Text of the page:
How celebrity traps Christian leaders

By May 14, 2012Culture, Faith

Did you want to be a winner?
Did you want to be an icon?
Did you want to be famous?
Did you want to be the president?

Spiralling” by Keane

You may not know the bridge of this Keane song, but you know the feeling it conveys. Too often, we seek leadership because they want to be winners. We want to be icons. We want to be famous. And we think a leadership position is the way to get there.

The sad truth is that this happens inside of church world just as much as outside of it. Young leaders can far too easily fall into the celebrity trap because we have let this mindset become a pattern inside the church.

Mike Breen writes about this epidemic in the book Multiplying Missional Leaders (which is now available):

It doesn’t matter if you’re at a mega-church or a church of 100. The pastor is a celebrity. Mega-churches just have more famous celebrities.

And honestly, here’s what we must see: The American church thinks this is OK.

Recently I was at a conference with 14,000 leaders in one room. The guy on the platform said this: “Three years ago, I sat up in the cheap seats at this conference, sitting up there in the upper decks, and I prayed that God would put me on the main stage. And here I am. I am proof that God makes dreams come true.”

There was a pause, and then everyone started to write down what he’d said as if there was absolutely nothing wrong with it.


Literally 14,000 people just took it in, wrote it down, and prayed that one day they would be on the main stage.

I was sitting there thinking, “Ummm, are we OK with what he just said?”

This statement sounded normal to all the Americans in the room, but as an outsider who grew up in another country, I’m thinking, “I don’t know about you, but I’m thinking the emperor is showing all of his private bits right now!”

He was embracing the idol of celebrity and everyone accepted it as OK and perfectly normal…

The trap of celebrity plagues all of us. One of the reasons it is so dangerous is that it can cause a leader to chase celebrity over anything and everything else.

As a result, a leader will try to climb over others to get to the top of pyramid in the organization or the church or even the subculture. That climb can lead us to compromise. Mike Breen explains:

In American church culture, it’s pretty easy to become a celebrity. You just have to grow a huge church. Now all in all, it’s not terribly difficult to grow to be a giant church if you have the right tools at your disposal. But that doesn’t mean the ends justify the means of getting there. Although Jesus was a celebrity in his day, he was willing to say things that ran people off in droves. In fact, the gospel of Mark (from the middle to the end of the book) chronicles the way that people kept leaving Jesus to the point where, by the end, virtually no one was left. No one wanted to be associated with him for fear of the consequences.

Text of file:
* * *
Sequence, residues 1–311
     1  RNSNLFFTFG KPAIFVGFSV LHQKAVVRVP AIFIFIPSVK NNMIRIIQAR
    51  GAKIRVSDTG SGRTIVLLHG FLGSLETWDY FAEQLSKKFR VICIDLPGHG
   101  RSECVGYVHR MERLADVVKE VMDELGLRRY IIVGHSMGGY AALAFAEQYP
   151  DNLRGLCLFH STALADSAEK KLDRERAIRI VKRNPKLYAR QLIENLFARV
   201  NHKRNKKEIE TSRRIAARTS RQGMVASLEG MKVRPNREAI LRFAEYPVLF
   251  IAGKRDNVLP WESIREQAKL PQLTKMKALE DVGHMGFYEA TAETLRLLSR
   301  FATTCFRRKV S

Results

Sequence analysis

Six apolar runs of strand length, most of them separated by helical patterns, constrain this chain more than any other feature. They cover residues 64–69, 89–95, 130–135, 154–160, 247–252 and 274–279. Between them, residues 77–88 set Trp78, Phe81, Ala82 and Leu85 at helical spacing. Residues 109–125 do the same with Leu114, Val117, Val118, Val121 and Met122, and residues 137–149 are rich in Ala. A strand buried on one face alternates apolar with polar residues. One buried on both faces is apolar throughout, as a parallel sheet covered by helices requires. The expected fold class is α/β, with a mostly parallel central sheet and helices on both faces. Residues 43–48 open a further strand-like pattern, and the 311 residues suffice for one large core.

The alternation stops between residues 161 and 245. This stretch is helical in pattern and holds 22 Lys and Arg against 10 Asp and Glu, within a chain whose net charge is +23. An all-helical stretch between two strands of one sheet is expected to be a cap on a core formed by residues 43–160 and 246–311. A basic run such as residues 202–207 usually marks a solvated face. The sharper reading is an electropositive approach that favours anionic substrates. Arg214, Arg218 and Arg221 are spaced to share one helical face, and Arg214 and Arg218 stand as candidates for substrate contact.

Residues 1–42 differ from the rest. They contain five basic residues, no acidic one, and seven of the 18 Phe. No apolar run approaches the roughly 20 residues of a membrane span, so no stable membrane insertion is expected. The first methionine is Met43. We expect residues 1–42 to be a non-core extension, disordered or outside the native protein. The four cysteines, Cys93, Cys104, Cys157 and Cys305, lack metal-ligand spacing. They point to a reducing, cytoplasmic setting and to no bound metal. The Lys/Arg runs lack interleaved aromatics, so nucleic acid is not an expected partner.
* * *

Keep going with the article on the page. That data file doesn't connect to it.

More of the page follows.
Being willing to say things that run people off is not something we see too often in American churches in our day. I suspect that’s because deeply imbedded in the American psyche is the desire to be a celebrity. American pastors are very susceptible to this.

Many subtle things happen with people who desire this kind of celebrity status. They can disengage community and isolate themselves, setting themselves up for moral failure. They can make decisions that are numbers driven and not always Kingdom driven. They can skew to a shallow understanding of the Gospel as opposed to a holistic one that leads people to discipleship. They can put the good of their church (their personal Kingdom) over the good of God’s Kingdom.

This is a temptation that young leaders – be they youth ministers, college ministers, or in some other role – must resist. That’s not easy to do in a generation know for its sense of entitlement. But it’s vital.

So how do we fight the temptation to be a celebrity, to be famous, to be a winner or an icon? Here are a few questions from Multiplying Missional Leaders that you can use to self-evaluate.

-Why do you do the things that you do? Are you doing them out of obedience? Out of faithfulness? Out of love for Jesus? Or does it have to do with your own ambition and your hopes to be defined as a success (whatever you think success means)?

-In what ways are your decisions influenced by a subtle undercurrent of a hope for celebrity status?

These excerpts are from Mike Breen’s new book Multiplying Missional Leaders. You can order the book or ebook at these links. 

If you need to see more excerpts before you decide, check out this post.'

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